End of the Democratic Leadership Committee follows its success over Democratic Party

Politico and other online political blogs reported Wednesday that the Democratic Leadership Committee, which swung the Democratic Party decisively into the center in the 80s, is closing it’s doors.

The DLC led a move by Democrats to compete with the GOP for donations from big business.  The new tactic proved successful, as the Democrats succeeded in soliciting massive corporate donations, particularly in the financial and banking sectors.  The process of the political change is discussed in A Dangerous Man, the documentary on the political evolution of Ralph Nader.

Chaired by Bill Clinton before he became President, the DLC was the most prominent of groups within the Democratic Party to adopt Republican methods of fundraising. Non-partisan citizens groups quickly found it more and more difficult to gain access to Democratic politicians.

I came to Washington over 40 years ago to help improve my country and, and started a lot of citizen groups who did that. That was a time you had a hearing in Congress, regulatory agencies would be more responsive. Around 1979, the doors started closing on the citizen groups. So my concern comes from, to give you statistics quickly, 58,000 workers who die every year from work-related diseases & traume; 65,000 people who die from air pollution; and all the fraud, waste and abuse that’s eating at the heart of the family budget. – Ralph Nader, Meet The Press, February 24, 2008. Source: http://www.ontheissues.org/Celeb/Ralph_Nader_Government_Reform.htm#Citizen_Empowerment

The long lasting results of this shift in the Democratic Party’s priorities can be seen in the financial crisis of 2008.  With the passage of the Gramm–Leach–Bliley Act, President Clinton and Congressional Democrats approved the removal of Depression-era financial controls which kept banks from speculating on mortgages.   The repeal of the act led to enormous donations to the Democratic Party from the financial sectors, ($71,204,764 for the 2008 Presidential election alone) and set the stage for the speculative housing bubble and the current financial crisis.

The dissolution of the DLC does not signal a change in Democratic Party policy.  Treasury Secretary Timothy Geithner is a product of the financial sector and continues to pursue policies most acceptable to the commanding heights of the industry.  Meanwhile moderate critics of the financial sector like Robert Reich and Joseph Stiglitz are ignored within the administration and the leadership of the Democratic Party.

Oil tank at night by Nate Beaty.

Heating oil tank at night. Flickr image by Nate Beaty. Reproduced under Creative Commons license.

So it should come as no surprise that President Obama made a “neighborly” speech to the U.S. Chamber of Commerce yesterday.  The President already pledged to push for further business deregulation in his State of the Union address.   The Washington Post noted that the Obama administration’s agenda over the next two years is going to

… be even more chamber-friendly than it was over the past two years. It will emphasize infrastructure investment, which the Chamber of Commerce supports, corporate tax reform, deficit reduction, education reform and some free trade agreements. No obvious points of contention there. The administration also just hired Bill Daley as chief of staff, a move the Chamber of Commerce applauded.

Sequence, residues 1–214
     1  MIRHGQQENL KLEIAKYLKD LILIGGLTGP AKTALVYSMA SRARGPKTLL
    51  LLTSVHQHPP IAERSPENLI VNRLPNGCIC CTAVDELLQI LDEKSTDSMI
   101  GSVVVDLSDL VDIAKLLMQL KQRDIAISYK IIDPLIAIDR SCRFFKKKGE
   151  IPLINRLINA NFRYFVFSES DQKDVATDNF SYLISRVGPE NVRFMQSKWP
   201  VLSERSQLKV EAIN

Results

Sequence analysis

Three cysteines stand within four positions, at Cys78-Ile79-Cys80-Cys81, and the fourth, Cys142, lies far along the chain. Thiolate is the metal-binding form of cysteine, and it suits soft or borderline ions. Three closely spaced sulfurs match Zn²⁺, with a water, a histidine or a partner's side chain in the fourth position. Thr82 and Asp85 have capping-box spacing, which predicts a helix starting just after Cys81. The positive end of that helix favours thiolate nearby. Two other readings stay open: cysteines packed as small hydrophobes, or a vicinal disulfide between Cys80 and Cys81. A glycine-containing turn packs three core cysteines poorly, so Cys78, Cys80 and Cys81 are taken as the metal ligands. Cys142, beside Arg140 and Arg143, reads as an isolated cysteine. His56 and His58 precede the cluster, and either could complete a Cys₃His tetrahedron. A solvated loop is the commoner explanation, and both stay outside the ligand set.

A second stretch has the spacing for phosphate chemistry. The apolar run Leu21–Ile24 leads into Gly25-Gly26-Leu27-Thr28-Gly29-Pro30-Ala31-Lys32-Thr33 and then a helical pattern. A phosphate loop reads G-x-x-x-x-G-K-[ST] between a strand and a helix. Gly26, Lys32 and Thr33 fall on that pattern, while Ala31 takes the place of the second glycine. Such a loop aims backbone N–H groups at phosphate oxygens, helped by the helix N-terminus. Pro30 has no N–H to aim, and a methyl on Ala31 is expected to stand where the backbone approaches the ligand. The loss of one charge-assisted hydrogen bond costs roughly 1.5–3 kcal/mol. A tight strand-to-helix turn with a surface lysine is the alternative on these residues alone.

Source:  http://voices.washingtonpost.com/ezra-klein/2011/02/why_obama_and_the_chamber_are.html?hpid=topnews

The national Chamber of Commerce, including the financial sector, will be ambivalent toward Obama so long as corporate profits continue to rise.  Low wages rand high unemployment are already a well known feature of the recent “economic recovery”.  The coming austerity budgets will hit working people hard, as they see public services sacrificed for tax rebates to business and service on state and national debt.

The practical example of this approach is clear.  The next Obama budget proposes halving the free heating oil program for the poor.  Obama’s cuts will save $2.5 billion dollars, but will force hundreds of thousands to choose between food and heat.  This proposal comes just a month after the President brokered a deal extending the Bush tax cuts for two more years.

The end of Democratic Leadership Committee signals the success of it’s project within the Democratic Party.  People who want to see government run in the public interest, and not for the convenience of corporations, will find both parties closed to them.  As bad as the situation will be, at least the corporate profits accompanied by austerity at the local state and national level is an opportunity for people to work locally on concrete campaigns.

One such campaign starting in South Carolina is the Ties That Bind Coalition, and it is circulating a petition for “fair budget solutions” and will hold a rally on March 12 at the State House in Columbia.   This is an initiative of South Carolina labor unions,  the SC Christian Action Council, SC Fair Share and other organizations, some affiliated with the SC Democratic Party.

It’s encouraging to see local Democrats acting against the legacy of the DLC.   We’re a long way from enacting even the moderate goals of this petition.  Changing the political debate in Columbia will require a real social justice movement, comprising not just repentant Democrats, but Greens and independents who are untied to the state and national Democratic Party.   People won’t work for a “Democratic” solution to the state’s budget, so long as Obama and Geithner are pushing austerity policies nationally.